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Saturday 22.07.2017 | Name days: Marija, Marika, Marina
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Lithuania set to cut university number from 14 to 4

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Linas Jegelevičius for the BNN

Lithuania has taken on the biggest ever revamp of its high education – two international-level universities and two technological universities are expected to remain in the country after a planned reform of the current high education system.

Now, there are 14 state-supported universities in the country.

Vilnius University (VU), the oldest high education school in the country, and a new university to be founded in Kaunas, the second-largest Lithuanian city, are seen as international-level universities in the plan of the Lithuanian Prime Minister Saulius Skvernelis-appointed working group.

Meanwhile, if the overhaul receives greenlight, Mykolas Romeris University and the Lithuanian University of Educational Sciences would be merged into VU, whereas Siauliai University would also become part of VU.

The other international-level university is planned in Kaunas, where the Kaunas University of Technology (KTU), Vytautas Magnus University (VDU), Aleksandras Stulginskis University and Lithuanian Sports University (LSU) will be merged and function as a broad-scope high school.

The working group suggests operating two technological universities in the country -one in the capital, Vilnius, and the other on coast, in Klaipeda.

The group sees the Lithuanian University of Health Sciences (LMSU) as a separate specialized higher education entity, meanwhile the Vilnius Academy of Arts and the Lithuanian Academy of Music and Theatre would be merged into a single academy of arts.

Lithuania has long considered changes to its high education system, but only now the Farmers and Greens-led ruling Coalition has taken the endeavour forward.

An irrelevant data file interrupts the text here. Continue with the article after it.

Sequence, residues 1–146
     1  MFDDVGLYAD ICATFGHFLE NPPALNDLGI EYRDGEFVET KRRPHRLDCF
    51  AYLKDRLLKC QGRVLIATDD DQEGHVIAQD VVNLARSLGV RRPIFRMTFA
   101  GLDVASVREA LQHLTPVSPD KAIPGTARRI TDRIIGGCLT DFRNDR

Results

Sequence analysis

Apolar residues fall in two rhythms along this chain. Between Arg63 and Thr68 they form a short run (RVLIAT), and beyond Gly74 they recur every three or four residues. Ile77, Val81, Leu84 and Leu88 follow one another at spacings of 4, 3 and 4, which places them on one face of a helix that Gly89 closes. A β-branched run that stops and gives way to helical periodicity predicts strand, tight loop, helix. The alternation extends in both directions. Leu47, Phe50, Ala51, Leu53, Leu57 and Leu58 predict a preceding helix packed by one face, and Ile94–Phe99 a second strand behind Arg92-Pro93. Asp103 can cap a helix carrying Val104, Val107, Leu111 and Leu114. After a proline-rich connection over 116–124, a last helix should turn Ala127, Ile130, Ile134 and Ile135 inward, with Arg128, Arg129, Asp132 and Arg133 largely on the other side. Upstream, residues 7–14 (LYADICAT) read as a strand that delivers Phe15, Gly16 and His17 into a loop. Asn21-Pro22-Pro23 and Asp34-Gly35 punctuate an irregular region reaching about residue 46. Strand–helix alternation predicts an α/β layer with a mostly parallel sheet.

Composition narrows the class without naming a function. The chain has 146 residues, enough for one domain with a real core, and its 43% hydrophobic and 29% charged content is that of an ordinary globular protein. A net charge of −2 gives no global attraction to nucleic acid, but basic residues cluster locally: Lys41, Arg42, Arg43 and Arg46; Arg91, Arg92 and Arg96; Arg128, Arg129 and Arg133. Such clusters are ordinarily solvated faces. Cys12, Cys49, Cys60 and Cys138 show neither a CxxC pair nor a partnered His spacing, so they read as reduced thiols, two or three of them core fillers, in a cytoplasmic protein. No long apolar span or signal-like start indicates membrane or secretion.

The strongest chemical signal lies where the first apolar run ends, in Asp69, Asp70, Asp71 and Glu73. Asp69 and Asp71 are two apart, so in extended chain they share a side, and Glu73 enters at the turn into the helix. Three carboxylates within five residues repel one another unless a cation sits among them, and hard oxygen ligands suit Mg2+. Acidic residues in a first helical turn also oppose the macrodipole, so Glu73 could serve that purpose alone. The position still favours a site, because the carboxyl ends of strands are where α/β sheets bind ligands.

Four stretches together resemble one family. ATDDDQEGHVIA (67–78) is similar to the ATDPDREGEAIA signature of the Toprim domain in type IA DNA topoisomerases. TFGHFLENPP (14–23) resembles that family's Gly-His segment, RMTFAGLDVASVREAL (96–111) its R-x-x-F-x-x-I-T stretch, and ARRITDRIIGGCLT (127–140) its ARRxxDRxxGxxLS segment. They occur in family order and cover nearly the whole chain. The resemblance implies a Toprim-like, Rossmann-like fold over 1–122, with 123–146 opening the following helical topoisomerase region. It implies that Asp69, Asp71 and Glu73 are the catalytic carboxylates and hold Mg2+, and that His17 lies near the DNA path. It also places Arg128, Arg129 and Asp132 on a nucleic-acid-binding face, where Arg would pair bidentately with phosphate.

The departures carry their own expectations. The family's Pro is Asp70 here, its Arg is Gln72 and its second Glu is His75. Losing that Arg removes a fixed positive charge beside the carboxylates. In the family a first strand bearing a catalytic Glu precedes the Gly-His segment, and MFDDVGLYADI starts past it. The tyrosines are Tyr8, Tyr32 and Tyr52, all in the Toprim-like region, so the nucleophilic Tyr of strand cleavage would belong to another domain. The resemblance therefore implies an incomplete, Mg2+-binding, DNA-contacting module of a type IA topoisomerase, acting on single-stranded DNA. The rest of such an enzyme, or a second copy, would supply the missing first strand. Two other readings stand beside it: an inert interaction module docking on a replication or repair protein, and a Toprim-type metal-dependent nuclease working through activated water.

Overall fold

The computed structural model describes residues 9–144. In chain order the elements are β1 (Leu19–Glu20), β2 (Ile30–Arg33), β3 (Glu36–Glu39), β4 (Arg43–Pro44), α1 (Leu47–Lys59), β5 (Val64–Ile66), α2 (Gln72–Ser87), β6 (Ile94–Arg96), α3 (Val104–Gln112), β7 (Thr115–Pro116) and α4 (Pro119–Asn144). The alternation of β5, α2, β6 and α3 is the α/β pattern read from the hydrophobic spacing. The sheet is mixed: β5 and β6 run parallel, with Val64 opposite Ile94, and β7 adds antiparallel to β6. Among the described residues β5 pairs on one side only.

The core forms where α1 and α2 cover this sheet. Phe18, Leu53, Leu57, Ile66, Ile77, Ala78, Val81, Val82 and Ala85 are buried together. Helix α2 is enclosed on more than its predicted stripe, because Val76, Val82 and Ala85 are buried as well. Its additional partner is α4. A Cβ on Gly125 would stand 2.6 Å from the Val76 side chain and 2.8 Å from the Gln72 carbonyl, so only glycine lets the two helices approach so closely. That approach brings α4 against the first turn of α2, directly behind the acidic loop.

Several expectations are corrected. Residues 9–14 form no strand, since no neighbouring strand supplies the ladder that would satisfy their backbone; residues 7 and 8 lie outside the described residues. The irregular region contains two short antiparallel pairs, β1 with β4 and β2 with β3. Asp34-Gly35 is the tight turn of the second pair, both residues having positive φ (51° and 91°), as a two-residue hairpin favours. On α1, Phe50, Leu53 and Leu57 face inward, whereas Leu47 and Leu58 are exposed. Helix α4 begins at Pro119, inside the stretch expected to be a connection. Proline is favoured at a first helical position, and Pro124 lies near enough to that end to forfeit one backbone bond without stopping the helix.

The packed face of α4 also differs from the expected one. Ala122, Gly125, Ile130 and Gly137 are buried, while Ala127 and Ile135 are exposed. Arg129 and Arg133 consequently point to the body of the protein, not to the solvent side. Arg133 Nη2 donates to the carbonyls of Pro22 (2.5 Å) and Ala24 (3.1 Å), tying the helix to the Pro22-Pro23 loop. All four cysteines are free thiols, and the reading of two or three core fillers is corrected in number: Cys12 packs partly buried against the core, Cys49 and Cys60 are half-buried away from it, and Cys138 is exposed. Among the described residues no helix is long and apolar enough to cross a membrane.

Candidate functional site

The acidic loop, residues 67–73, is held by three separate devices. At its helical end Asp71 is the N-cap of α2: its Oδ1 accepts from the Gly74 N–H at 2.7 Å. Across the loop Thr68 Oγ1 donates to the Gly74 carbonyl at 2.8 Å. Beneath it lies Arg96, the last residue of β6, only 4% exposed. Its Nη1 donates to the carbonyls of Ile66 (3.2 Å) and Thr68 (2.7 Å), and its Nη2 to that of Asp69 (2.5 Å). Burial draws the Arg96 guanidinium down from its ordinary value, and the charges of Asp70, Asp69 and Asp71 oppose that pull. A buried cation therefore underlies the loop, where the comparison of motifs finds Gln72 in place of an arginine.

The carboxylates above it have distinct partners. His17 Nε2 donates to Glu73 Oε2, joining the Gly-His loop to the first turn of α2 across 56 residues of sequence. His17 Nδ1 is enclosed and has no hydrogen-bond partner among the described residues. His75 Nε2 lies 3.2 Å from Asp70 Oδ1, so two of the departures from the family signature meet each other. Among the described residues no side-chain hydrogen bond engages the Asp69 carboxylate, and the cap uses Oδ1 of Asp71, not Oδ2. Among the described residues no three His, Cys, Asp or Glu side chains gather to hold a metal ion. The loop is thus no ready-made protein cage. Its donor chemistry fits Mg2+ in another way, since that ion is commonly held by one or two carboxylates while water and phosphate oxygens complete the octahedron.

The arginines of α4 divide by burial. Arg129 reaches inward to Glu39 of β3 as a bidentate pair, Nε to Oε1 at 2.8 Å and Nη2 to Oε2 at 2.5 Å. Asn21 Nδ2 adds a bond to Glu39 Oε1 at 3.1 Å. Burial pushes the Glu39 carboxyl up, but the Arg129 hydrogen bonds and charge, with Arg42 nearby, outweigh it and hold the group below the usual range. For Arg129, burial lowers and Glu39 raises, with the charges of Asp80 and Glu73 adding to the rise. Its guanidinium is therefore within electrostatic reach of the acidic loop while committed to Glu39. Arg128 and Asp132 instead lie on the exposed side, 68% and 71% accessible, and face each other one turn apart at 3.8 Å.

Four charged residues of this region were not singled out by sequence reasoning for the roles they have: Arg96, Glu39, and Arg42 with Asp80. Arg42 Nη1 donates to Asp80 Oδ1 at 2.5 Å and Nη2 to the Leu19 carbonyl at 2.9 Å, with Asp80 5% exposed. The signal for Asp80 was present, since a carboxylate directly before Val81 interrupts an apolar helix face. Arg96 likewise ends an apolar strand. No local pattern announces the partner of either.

With nearly 40 universities, high schools and colleges offering high education in the country, Lithuania boasts the highest rate in the regard in the entire European Union.

According to a 2016 report by the Organisation for Economic Cooperation and Development (OECD), 10,000 students in Lithuania share 2.9 educational institutions on average, while this indicator in Finland and Ireland is 1.2 and 1.1 respectively.

On his later April visit to Vilnius, Thomas Weko, a representative of the OECD and an education analyst at the organisation, called on Lithuania to reform its higher education system «as soon as possible»in order not to become an «outsider» in terms of higher education among the other countries.

«Due to the current number of universities in the country, Lithuania finds itself marginalized; the consolidation of universities must be implemented as soon as possible,»Weko emphasised after meeting the Government‘s officials. «Consolidation of universities is necessary in order to effectively manage finances of educational institutions and consolidate the scientific potential».

In the meeting, Tomi Halonen, advisor in the Education, Science and Culture Ministry of Finland, accentuated that Finland since 2009 has been actively implementing reform of its high education system and readies for the second leg of the reform.

«Consolidation of universities is necessary in order to effectively manage education money and consolidate scientific potential,»he noted.

Milda Dargužaitė, the Lithuanian Government‘s chancellor, assured the guests that revamping high education system is one of the Government‘s priorities.